What Is Law?

Law is a set of rules that are created and enforced by social or governmental institutions to regulate behavior. In general, laws are aimed at promoting social harmony and preserving the welfare of the population. They also serve to protect individual rights, and they may be used to punish those who commit crimes or transgress against society’s norms. The precise nature of law is a subject of long-standing debate and the definition of it varies widely from place to place. In most nation-states, the laws are made by and enforced by political authorities, and there are many attempts to create more democratic or egalitarian forms of government.

A number of fields are involved in the study of law, including jurisprudence and legal ethics. People who study law are called jurists. In some countries, lawyers are called attorneys or barristers, and they are usually described as solicitors or doctors of law (Doctor of Laws).

The most basic kind of law is a commandment or injunction imposed by a higher power. Examples include religious law, which is based on divine precepts. For example, the Jews have a body of law called Halakha and the Muslims have Shariah. Religious law often acts as a source of further law, through interpretation and other means, such as Ijma (consensus), Qiyas (reasoning by analogy), and the doctrine of precedent.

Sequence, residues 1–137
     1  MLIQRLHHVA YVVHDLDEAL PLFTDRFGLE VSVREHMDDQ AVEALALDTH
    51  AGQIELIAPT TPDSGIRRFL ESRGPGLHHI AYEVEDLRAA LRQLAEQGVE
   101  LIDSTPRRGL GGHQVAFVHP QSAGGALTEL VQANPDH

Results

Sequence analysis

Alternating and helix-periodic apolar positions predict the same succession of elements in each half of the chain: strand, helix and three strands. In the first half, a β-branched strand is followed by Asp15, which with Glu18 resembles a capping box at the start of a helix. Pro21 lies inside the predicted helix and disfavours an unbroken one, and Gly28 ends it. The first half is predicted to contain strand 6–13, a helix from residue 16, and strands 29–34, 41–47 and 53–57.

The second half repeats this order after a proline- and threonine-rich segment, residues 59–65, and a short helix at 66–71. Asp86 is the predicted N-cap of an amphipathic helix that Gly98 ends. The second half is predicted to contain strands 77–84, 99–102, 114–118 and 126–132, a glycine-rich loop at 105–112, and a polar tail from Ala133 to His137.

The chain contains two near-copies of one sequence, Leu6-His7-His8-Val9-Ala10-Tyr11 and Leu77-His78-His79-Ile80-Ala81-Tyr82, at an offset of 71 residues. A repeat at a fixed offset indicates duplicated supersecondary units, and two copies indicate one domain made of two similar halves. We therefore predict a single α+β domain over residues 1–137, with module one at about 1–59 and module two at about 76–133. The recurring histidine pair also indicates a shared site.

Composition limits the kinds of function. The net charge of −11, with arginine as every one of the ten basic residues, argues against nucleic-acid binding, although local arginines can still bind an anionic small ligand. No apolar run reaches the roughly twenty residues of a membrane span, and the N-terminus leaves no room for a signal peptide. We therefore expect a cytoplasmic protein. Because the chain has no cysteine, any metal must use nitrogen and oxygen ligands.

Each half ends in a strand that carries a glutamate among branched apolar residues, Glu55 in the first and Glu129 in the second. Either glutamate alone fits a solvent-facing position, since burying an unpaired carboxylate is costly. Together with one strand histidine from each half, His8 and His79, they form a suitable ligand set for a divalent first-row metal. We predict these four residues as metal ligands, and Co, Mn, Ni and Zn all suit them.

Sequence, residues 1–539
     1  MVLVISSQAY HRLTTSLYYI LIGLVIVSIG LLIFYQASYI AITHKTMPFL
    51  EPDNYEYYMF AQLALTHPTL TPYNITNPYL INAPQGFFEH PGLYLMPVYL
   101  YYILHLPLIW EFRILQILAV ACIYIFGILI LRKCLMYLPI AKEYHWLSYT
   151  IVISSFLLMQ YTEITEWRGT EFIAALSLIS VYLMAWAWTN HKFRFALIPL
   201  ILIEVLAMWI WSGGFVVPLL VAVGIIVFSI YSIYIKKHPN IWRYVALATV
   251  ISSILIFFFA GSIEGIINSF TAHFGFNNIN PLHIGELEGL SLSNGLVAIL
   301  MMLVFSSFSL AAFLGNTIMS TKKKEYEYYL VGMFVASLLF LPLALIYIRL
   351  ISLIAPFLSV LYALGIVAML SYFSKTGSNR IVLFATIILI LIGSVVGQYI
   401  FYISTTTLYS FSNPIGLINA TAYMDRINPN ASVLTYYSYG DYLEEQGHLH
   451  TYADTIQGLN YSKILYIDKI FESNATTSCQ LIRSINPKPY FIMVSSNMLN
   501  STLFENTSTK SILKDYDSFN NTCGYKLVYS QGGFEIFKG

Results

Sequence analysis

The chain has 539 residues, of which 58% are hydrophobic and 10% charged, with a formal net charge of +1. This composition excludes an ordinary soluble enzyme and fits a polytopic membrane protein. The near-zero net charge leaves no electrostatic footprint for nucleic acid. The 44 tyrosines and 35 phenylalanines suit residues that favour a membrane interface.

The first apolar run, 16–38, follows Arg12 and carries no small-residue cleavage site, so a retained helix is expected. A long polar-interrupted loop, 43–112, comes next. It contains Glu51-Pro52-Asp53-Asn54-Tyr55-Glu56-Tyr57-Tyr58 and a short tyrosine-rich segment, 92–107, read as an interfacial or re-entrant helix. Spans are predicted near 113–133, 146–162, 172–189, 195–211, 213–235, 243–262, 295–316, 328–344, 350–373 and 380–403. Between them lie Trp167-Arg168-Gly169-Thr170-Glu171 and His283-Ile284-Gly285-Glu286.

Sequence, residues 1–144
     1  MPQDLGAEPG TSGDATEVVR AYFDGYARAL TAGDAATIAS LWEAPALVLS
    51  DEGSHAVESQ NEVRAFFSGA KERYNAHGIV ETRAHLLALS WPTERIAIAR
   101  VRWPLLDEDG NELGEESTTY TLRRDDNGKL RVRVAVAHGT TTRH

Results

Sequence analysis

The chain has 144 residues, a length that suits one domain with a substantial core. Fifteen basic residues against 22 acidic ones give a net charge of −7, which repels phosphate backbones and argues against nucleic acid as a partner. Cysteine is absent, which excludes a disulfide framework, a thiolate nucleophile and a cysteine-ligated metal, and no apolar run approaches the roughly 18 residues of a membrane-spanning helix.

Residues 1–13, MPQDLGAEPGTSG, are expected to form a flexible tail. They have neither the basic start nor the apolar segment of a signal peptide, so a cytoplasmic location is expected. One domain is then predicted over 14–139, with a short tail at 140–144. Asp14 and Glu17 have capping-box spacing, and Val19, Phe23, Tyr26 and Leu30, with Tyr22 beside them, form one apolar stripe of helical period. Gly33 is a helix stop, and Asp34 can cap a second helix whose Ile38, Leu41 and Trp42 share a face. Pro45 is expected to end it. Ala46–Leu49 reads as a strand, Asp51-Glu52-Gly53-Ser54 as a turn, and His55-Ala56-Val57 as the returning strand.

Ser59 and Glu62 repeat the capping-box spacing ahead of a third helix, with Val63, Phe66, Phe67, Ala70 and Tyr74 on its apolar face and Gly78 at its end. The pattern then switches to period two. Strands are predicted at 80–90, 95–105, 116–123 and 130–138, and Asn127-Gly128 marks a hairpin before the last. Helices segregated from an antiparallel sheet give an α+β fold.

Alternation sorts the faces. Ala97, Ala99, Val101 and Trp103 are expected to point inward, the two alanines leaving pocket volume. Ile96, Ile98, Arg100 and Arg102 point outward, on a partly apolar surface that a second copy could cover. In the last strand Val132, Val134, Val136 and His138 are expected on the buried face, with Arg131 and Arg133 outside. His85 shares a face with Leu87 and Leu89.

Some laws are established by legislatures, while others are established by a court’s decision. In common law systems, decisions of higher courts are binding on lower courts, so that similar cases reach similar conclusions. This is called the “doctrine of stare decisis”. In contrast, in civil law systems, legislative statutes have precedence over court decisions.

Other kinds of law include contracts, property, and criminal law. Contract law deals with agreements between people and between businesses, while property law sets out people’s rights and duties toward tangible things, like land or buildings, as well as intangible assets, such as shares of stock or bank accounts. Criminal law, on the other hand, aims to protect society by deterring crime and by imposing penalties on those who commit it.

Almost all modern societies have laws in some form, but there are still some living cultures that use a different concept of law, one that does not divide reality into natural/human and observer/observation. This non-modern view of law could help in the creation of a more unified definition for it. Alternatively, it might provide a perspective on law that is more useful for judging and governing. See law, philosophy of for more on this topic.